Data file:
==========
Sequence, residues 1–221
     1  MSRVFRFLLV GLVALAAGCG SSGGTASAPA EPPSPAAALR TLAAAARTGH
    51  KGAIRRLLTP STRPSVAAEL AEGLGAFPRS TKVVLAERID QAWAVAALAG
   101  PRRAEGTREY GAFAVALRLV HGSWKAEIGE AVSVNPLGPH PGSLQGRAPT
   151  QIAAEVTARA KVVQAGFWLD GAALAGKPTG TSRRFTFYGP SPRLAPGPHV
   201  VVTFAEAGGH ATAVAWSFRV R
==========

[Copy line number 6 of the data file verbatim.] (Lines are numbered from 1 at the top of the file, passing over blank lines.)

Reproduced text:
   201  VVTFAEAGGH ATAVAWSFRV R